Posted by: tomciocco | November 14, 2012

THREE PART GASCOGNE HARMONY

The blending of several grape varieties to make a balanced and unified wine is more complex and difficult than it might at first seem, and that’s just considering the purely technical side of things like possible variance of grape percentages from vintage to vintage, and the many ways to process and age them. Much of what permits such a harmonic outcome in the first place is terroir  – “place”…

Take a place like Piedmont in Italy as an example. It’s a region with a truly great and broad wine-making tradition, whose vineyards are planted with great varieties like Nebbiolo, Barbera, Dolcetto, Freisa, Grignolino , that at least traditionally, and for whatever reason, are never blended. And it’s not that they couldn’t be either, to even great success, but the tradition for doing so just doesn’t exist there, and there is indeed something about all of these grapes in the end that make them better as solo acts, rather than in groups.

France’s southwest on the other hand – from Bordeaux all the way down to the Pyrenees – is all about the cuvee’ . In these parts, Cabernet Sauvignon, Merlot, Cabernet Franc, Petite Verdot, Malbec, Tannat, Braucol, Duras, and other varieties typically share the region’s casks and bottles. Somewhat rare is the wine label from this entire swath of France that doesn’t list the names of at least two or three grapes. Unblended Cabernet Sauvignon is for California, and and straight up Cabernet Franc is best left to the Loire…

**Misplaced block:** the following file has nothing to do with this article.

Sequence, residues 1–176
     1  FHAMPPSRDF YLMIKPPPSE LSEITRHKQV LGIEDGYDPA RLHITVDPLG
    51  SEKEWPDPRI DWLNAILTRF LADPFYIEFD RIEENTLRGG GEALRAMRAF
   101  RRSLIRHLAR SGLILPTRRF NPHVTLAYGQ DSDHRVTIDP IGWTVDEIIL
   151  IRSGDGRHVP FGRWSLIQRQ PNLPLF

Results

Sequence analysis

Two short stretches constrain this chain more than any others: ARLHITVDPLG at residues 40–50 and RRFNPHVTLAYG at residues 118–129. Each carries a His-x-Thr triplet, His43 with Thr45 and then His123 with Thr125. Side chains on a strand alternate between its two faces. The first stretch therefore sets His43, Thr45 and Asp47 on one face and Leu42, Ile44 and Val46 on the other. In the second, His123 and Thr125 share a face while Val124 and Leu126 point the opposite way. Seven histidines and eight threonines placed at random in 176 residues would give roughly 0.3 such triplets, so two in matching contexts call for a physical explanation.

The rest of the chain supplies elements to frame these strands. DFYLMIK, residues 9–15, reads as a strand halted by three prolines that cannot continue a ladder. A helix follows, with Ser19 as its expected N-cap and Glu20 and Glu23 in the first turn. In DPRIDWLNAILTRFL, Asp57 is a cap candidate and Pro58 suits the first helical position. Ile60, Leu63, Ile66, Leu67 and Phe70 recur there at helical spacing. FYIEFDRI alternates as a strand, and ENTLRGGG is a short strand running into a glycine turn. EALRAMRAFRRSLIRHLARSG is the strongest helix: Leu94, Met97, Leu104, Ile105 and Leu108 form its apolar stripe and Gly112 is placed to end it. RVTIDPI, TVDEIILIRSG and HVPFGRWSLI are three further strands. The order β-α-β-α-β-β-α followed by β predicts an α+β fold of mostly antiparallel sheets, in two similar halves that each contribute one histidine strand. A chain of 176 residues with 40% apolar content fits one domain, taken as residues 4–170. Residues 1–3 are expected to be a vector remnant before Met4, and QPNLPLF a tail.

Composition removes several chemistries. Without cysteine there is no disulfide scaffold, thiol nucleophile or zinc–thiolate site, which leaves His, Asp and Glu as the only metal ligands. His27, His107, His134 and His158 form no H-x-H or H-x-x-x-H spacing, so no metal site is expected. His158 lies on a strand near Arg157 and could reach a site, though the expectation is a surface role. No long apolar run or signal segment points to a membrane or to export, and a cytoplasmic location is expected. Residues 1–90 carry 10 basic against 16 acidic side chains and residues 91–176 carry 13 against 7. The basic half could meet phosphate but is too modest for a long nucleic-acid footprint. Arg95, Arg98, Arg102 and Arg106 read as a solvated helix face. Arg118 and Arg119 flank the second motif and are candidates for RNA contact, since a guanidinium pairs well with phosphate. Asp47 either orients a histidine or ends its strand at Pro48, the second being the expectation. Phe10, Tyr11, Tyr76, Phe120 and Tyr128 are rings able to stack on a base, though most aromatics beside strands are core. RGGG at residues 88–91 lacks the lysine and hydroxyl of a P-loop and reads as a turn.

As the title says, this “simple” wine (it’s a vin de pays) from Gascony – the land of the Three Musketeers –  is, like Athos, Porthos, and Dartagnan, something of a perfect (decidedly masculine) trio. This particular blend is made up of roughly equal parts of Tannat, that carries the bass, with Merlot singing baritone, and with the tenor part taken by Cabernet Franc…All for one, and one for all.

Since I didn’t have the time or the budget for cassoulet, I opted for a Moroccan menu, beginning with a sort of Moroccan-style “cole slaw” made with Savoy cabbage, olive oil, orange juice and zest, and cilantro, followed by a tagine of kofte (tiny lamb meatballs stewed in a complex spicy tomato sauce with eggs poached on top) with white rice on the side.

 

 

 

 

 

 

 

 

 

 

 

Domaine du Chateau Larroque Vin de Pays des Cotes de Gascogne 2010

Very deep blackish garnet color. Pungent nose of motor oil, blackberry, blueberry, grated coconut, grilled peaches, limestone, licorice, toasted grains, and juniper. The wine enters the mouth with a rich, chewy, pulpy, mouthfeel supported by a stiff and very dry tannic structure, that gives way to flavors of cracked black pepper, roasted red peppers, plum butter, black cherry, mint, and hibiscus tea, through the supple mid-palate. Long savory/rose petal finish. Could use another year to fully resolve the oak.

 

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